2009 Volume 22 Issue 1 Pages 1-3
Purpose: It is not yet known whether admission to a hospital itself influences the clinical outcome of deep vein thrombosis (DVT). This study prospectively evaluated the prevalence and indicators of DVT in patients with neurological disorders admitted to medical wards.
Methods: In 108 patients positioned supine for 48 hours in two hospitals in 2007, the D-dimer level, soluble fibrin level, gender, age, (pleural effusion and/or ascites) and presence/absence of central venous catheter placement were studied in relation to the prevalence of DVT, assessed using ultrasonography.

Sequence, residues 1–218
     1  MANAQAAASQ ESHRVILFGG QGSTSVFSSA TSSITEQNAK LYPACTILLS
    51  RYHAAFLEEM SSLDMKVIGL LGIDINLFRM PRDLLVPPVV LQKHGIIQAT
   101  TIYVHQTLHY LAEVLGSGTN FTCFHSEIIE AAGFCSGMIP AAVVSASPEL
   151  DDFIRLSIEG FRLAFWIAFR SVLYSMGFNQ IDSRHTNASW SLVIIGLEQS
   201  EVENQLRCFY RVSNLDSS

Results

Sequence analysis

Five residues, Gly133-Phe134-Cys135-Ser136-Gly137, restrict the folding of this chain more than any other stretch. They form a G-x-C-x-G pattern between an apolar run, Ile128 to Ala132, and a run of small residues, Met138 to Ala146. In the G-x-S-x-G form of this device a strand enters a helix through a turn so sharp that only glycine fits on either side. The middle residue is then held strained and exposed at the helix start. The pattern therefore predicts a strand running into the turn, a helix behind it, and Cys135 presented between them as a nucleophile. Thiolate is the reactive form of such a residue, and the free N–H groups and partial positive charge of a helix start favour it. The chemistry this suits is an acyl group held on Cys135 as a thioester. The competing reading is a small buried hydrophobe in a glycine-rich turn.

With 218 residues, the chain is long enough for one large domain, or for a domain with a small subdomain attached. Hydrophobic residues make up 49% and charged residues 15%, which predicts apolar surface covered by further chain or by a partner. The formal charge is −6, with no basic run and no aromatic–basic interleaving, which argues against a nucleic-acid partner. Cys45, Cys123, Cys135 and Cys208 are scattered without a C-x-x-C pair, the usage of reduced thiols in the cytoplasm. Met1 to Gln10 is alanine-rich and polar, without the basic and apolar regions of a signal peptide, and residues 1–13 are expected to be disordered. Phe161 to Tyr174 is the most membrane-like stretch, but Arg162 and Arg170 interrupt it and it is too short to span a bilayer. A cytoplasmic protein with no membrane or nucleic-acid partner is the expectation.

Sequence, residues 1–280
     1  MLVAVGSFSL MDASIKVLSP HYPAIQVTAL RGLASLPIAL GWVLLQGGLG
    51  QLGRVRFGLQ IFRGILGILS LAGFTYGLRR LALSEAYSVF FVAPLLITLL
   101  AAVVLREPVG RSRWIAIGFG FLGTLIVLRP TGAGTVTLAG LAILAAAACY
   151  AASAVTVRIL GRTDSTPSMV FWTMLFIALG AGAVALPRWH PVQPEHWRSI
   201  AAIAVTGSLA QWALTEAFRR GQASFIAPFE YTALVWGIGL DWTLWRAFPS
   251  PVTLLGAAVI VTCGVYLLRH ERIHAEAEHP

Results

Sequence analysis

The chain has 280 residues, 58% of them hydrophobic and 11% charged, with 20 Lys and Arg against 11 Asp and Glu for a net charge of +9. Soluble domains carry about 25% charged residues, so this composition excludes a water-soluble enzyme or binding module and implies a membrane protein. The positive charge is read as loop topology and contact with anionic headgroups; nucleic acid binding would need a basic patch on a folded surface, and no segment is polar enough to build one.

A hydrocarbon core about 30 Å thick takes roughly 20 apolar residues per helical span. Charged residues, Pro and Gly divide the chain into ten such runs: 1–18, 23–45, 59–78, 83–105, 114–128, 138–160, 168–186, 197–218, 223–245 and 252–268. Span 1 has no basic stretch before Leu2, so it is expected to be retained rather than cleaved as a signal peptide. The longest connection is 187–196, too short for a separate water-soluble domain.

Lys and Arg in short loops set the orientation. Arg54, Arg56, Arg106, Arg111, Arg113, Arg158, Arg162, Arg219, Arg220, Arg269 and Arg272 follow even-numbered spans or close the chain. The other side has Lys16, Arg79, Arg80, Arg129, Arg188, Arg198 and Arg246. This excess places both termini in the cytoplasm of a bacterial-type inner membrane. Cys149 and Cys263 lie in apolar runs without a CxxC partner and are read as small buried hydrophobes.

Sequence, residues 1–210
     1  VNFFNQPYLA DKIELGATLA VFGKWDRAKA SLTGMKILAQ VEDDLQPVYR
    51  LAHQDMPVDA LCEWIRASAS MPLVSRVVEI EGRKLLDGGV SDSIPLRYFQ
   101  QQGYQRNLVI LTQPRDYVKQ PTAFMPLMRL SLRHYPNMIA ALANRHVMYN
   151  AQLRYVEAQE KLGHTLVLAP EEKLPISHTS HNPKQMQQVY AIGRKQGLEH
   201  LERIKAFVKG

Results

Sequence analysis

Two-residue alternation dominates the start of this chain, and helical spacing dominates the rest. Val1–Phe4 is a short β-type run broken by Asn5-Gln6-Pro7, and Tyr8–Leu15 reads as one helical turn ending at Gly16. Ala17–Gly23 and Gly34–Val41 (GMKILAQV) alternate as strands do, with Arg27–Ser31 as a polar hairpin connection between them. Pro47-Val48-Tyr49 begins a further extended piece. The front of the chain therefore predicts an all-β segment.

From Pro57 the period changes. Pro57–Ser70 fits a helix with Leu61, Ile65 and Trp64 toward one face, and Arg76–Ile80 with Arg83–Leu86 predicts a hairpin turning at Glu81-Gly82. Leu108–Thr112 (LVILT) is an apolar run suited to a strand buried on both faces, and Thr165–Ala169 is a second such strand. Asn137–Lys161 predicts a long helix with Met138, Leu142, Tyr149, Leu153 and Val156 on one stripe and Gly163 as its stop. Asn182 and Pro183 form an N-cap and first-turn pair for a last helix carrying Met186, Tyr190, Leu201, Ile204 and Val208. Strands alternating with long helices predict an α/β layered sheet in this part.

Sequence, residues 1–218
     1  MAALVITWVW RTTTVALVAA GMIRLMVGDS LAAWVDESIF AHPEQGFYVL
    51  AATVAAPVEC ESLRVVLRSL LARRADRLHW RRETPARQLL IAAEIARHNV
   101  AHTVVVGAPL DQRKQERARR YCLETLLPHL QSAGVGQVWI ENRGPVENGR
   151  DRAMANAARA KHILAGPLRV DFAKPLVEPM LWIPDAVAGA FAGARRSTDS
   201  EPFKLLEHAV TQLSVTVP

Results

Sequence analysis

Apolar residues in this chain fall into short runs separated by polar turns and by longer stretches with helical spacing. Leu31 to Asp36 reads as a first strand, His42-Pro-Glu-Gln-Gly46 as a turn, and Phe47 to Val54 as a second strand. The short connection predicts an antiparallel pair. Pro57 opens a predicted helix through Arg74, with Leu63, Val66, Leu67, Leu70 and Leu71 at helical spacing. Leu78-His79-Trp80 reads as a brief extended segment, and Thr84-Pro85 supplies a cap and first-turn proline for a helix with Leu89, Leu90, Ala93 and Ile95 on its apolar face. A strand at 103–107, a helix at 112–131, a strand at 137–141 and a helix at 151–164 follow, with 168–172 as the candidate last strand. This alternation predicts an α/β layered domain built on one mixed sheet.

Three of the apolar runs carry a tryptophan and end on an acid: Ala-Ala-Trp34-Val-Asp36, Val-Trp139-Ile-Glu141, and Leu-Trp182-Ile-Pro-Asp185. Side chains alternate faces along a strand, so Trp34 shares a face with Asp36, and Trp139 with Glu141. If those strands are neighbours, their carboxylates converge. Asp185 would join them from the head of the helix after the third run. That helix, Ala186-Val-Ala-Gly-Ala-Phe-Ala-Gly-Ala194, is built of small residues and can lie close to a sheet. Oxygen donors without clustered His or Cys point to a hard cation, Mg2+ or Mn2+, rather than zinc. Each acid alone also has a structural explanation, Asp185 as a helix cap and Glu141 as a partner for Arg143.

Results: Twenty-one patients with DVT (19.4%) were identified, among whom pulmonary thromboembolism was diagnosed in two. No factors but D-dimer level and age were associated with the presence of DVT. In the DVT (+) group. D-dimer level (7.5 ± 8.5 vs. 2.8 ± 4.0μg/ml,p = 0.024) and age (p = 0.044) were higher than in the DVT (−) group.
Conclusion: In medical patients with neurological diseases, the prevalence of DVT was high, and much higher in elderly patients. D-dimer level might be a useful indicator. Admission to a hospital may influence the clinical outcome.